Physics of Magnetic Resonance Imaging
This module handbook serves to describe contents, learning outcome, methods and examination type as well as linking to current dates for courses and module examination in the respective sections.
Module version of WS 2022/3 (current)
There are historic module descriptions of this module. A module description is valid until replaced by a newer one.
Whether the module’s courses are offered during a specific semester is listed in the section Courses, Learning and Teaching Methods and Literature below.
|available module versions|
|WS 2022/3||SS 2020|
ME703 is a semester module in English language at Master’s level which is offered every semester.
This Module is included in the following catalogues within the study programs in physics.
- Focus Area Imaging in M.Sc. Biomedical Engineering and Medical Physics
- Catalogue of non-physics elective courses
|Total workload||Contact hours||Credits (ECTS)|
|150 h||h||5 CP|
Content, Learning Outcome and Preconditions
The content of the first part focusses on the principles of magnetic resonance(MR) image formation. The lecture starts with addressing the question how an MR signal is generated, continues with the detection and manipulation of this signal and will finally cover the details how MR signals are processed into an image.
Specifically, we will focus on:
1. Introduction to MRI
2. MR signal generation
a. Magnetic moments
b. RF excitation
c. Signal detection
3. MR signal characteristics
a. Free induction decay
b. Spin echo
c. Gradient echo
4. Spatial encoding of MR signals
a. Slice selection
b. Frequency and phase encoding
5. Relaxation and image contrast
a. Saturation-recovery sequence
b. Inversion-recovery sequence
c. Spin-echo sequence
6. Image reconstruction
a. Basics of image reconstruction
b. Reconstruction from Fourier samples
7. Image resolution and noise
a. Resolution limitations
b. Image Noise
8. Image artifacts
a. Gibbs ringing
c. Chemical shift artifact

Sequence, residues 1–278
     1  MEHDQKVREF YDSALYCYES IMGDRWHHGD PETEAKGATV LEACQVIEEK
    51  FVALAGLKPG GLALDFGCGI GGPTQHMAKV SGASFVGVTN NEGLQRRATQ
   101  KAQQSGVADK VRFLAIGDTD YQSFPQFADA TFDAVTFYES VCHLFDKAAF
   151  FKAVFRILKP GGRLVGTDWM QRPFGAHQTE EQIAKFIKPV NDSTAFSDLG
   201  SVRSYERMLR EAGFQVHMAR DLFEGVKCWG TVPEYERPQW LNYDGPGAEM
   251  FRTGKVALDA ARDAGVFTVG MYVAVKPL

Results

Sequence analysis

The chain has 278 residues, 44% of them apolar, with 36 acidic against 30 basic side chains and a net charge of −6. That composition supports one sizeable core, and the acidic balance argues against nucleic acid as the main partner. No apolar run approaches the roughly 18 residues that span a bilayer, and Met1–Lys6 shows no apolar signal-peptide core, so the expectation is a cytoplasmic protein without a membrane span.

d. Motion artifacts
1. describe the physical principles underlying the process of MR signal generation and detection
2. understand how an MR image is generated
3. explain how signal contrast in an MR image is produced
4. analyze MR pulse sequences and understand how they work
Courses, Learning and Teaching Methods and Literature
Courses and Schedule
|VO||2||Physics of Magnetic Resonance Imaging 1||Karampinos, D. Schilling, F.||
Wed, 09:00–11:00, virtuell
and singular or moved dates
|UE||1||Exercise to Physics of Magnetic Resonance Imaging 1||Karampinos, D. Schilling, F.||
Wed, 11:00–12:00, virtuell
and singular or moved dates
Learning and Teaching Methods
Physics of Magnetic Resonance Imaging 1 has 10 homework problem sets. Homework will be handed at the end of some lectures following the timeline below. The homework problem solutions from each student will not be graded. However, the solutions of the homework problems will be discussed in class during the exercise sessions and the homework problem solutions will be then posted at moodle.
Magnetic Resonance Imaging Physical Principles and Sequence Design 2. Ed. by: Robert W. Brown, Y.-C. Norman Cheng, E. Mark Haacke, Michael R. Thompson, Ramesh Venkatesan; available online from within TUM via: http://onlinelibrary.wiley.com.eaccess.ub.tum.de/book/10.1002/9781118633953
Description of exams and course work
There will be a written exam of 60 minutes duration. Therein the achievement of the competencies given in section learning outcome is tested exemplarily at least to the given cognition level using calculation problems and comprehension questions.
In accordance with §12 (8) APSO the exam can be done as an oral exam. In this case the time duration is 25 minutes.
For example an assignment in the exam might be:
How is a 2D or 3D image encoded?
How can T1 contrast be introduced in a gradient echo sequence?
Calculate, how many protons effectively contribute to the generated effective magnetic moment in a magnetic field of 7 T.
In the exam no learning aids are permitted.
Before each exercise session, a list is handed out and each student marks down which problems of the current homework problem set was completed by her/him. Afterwards each problem will be presented to the class by a student chosen on a voluntary basis or by the instructors based on who put a mark down for a specific problem. If someone cannot be present in the class, he/she can send the homework problem solution per email to the instructors before the due date (this can be accepted for up to one problem sets). Each student needs a) to complete an equivalent of 7 full homework problem sets and b) to present 3 problems/sub-questions during the exercise session to receive a bonus. There will be a bonus (one intermediate stepping of "0,3" to the better grade) on passed module exams (4,3 is not upgraded to 4,0) for every student fulfilling the above two criteria. The bonus is applicable to the exam period directly following the lecture period (not to the exam repetition).
The exam may be repeated at the end of the semester.